Galvin Predicts Future Election Day ‘Chaos’ in Haverhill with Neighbors Having Different Ballots

Secretary of State William F. Galvin gestures to a county-level map showing the 2020 Census results. (Photograph by Sam Doran/SHNS.)

Secretary of State William Galvin yesterday predicted chaos in Haverhill as Gov. Charlie Baker signed redistricting legislation, noting for example, “the House and Senate appear to have split the same precinct two different ways using different census blocks.”

Shortly before Baker’s office confirmed that he signed bills redrawing all 160 House districts and all 40 Senate districts, Galvin said he was “extremely disappointed” the governor approved the legislation. He noted it is possible neighbors in Haverhill will have up to three different ballots.

“With local precincts divided multiple ways, it will inevitably lead to chaos at the polls and make it impossible for voters to understand who their elected representatives are,” he said.

Haverhill leaders immediately criticized the Senate redistricting plan, which split Haverhill into two Senate districts, when it came out two weeks ago. Rep. Andy X. Vargas, who has been eyeing a run for state Senate, told WHAV the plan to create minority majority districts may actually take away his opportunity.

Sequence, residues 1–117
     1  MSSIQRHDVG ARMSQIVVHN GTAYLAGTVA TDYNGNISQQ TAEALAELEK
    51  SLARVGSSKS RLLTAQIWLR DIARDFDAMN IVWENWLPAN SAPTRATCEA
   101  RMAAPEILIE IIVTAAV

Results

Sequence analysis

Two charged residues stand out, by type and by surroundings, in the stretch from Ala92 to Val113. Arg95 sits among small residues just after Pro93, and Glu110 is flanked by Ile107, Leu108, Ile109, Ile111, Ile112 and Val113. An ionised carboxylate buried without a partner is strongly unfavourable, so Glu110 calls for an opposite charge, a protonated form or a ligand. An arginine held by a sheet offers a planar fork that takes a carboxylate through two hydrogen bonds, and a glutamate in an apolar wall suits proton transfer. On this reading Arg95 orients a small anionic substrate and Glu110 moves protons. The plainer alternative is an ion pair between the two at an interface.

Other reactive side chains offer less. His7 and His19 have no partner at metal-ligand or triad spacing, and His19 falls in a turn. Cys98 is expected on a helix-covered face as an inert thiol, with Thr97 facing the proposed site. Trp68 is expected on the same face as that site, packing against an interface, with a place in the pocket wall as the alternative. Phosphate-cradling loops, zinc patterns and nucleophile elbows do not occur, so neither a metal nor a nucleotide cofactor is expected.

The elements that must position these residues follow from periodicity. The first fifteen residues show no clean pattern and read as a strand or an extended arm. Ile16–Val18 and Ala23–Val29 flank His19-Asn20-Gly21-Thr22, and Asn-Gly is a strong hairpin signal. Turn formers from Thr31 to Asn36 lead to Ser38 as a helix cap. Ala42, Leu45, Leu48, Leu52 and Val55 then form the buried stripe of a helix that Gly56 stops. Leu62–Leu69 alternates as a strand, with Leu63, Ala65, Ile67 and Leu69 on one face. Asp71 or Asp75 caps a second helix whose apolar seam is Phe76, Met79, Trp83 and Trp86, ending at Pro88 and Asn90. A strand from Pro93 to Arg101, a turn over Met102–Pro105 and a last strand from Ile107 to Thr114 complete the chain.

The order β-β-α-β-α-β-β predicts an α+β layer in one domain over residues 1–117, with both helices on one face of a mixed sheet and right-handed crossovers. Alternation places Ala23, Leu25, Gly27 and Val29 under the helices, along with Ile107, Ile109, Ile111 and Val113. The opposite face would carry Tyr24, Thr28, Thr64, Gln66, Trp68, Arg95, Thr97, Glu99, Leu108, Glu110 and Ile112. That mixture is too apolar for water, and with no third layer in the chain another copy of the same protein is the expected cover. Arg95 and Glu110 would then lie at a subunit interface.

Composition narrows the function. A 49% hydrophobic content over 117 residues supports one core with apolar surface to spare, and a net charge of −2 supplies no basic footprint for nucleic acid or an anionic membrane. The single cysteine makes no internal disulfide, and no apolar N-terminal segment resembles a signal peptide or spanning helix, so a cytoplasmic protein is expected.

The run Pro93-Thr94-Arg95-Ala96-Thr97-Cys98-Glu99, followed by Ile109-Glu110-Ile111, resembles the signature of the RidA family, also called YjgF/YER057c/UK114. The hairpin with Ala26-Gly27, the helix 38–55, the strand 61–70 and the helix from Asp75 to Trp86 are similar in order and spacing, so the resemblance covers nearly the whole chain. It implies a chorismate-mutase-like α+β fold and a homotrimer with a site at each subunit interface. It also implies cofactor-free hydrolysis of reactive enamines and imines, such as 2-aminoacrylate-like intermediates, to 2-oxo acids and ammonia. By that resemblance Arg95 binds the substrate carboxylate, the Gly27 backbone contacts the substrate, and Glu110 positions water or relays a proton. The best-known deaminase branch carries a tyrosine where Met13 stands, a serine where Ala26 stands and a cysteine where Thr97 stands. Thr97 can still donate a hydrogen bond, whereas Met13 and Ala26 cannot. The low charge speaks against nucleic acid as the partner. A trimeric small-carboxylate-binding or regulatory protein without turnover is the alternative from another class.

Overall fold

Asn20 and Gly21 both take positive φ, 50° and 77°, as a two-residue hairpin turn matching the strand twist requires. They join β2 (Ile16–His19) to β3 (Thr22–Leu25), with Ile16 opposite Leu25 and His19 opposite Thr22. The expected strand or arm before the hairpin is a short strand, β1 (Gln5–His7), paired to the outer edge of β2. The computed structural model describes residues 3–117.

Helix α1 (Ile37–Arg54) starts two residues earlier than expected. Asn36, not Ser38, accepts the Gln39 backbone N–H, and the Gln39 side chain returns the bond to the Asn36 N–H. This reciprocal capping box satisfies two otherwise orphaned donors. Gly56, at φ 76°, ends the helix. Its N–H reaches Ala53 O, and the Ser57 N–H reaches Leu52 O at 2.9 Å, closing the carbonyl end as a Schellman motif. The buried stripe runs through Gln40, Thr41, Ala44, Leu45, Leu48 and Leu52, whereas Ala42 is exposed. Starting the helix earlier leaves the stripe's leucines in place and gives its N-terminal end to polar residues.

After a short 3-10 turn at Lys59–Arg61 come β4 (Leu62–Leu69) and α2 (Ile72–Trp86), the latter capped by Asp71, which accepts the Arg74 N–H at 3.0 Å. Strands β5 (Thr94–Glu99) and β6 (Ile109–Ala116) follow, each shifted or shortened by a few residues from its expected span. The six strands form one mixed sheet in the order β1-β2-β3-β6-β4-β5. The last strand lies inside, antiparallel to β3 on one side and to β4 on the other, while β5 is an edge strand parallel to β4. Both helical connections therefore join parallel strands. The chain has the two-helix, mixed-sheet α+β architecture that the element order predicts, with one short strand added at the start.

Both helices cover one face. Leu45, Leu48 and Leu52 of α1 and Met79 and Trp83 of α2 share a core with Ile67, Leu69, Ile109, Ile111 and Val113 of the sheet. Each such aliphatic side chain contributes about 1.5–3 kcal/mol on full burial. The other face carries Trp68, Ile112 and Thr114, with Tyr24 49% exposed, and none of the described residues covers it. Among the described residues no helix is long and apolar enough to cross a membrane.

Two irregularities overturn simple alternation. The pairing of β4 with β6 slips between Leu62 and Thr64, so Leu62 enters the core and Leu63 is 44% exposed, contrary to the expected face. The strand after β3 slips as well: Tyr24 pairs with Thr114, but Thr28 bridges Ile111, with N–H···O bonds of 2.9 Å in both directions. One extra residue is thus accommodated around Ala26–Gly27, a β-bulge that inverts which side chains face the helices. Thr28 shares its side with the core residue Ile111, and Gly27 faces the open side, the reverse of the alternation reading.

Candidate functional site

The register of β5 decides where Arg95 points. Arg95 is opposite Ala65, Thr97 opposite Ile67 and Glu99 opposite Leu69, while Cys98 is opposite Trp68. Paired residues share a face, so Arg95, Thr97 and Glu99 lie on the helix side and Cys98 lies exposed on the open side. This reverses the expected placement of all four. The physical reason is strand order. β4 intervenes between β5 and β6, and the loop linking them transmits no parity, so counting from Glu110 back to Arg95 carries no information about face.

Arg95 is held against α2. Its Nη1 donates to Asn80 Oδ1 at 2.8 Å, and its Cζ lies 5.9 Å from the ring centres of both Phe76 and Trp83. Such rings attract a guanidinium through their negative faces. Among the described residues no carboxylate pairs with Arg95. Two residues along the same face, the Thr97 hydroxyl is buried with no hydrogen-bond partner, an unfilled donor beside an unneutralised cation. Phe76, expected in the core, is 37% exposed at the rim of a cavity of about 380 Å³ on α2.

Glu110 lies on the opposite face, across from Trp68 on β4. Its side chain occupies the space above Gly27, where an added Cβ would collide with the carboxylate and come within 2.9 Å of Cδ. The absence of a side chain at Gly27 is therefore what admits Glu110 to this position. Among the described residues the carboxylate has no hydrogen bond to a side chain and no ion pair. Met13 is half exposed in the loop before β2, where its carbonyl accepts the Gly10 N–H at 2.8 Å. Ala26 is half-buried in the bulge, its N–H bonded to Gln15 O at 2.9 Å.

“You don’t have to be a math genius, but obviously this makes it more difficult for a Haverhill candidate to win a Senate seat,” he said.

Vargas was joined by other area legislators, Haverhill Mayor James J. Fiorentini and the Haverhill City Council were unsuccessful in urging Senate leadership not to split individual gateway cities, such as Haverhill, Methuen and Lawrence.

Galvin’s office provided a copy of a memo his staff sent to the governor Monday highlighting numerous examples of communities where precincts would be split. He told reporters, “Because so many districts were divided, precincts old and new, by both the House map and the Senate map and in fact not the same ones being divided, some voters might be confronted with multiple ballots, where if you live on Elm Street, you get this ballot, if I’m around the corner on Maple Street, I get a totally different ballot, and maybe there’s a third level too because we’re still awaiting congressional redistricting,” Galvin said.

Galvin, a Democrat, has clashed with legislators leading the decennial redistricting effort several times in recent months during a process complicated by the late delivery of U.S. Census population data. He unsuccessfully opposed a law, applicable only to the current redistricting effort, that changed deadlines and allowed the legislature to draw its House and Senate maps before cities and towns completed their local reprecincting work.

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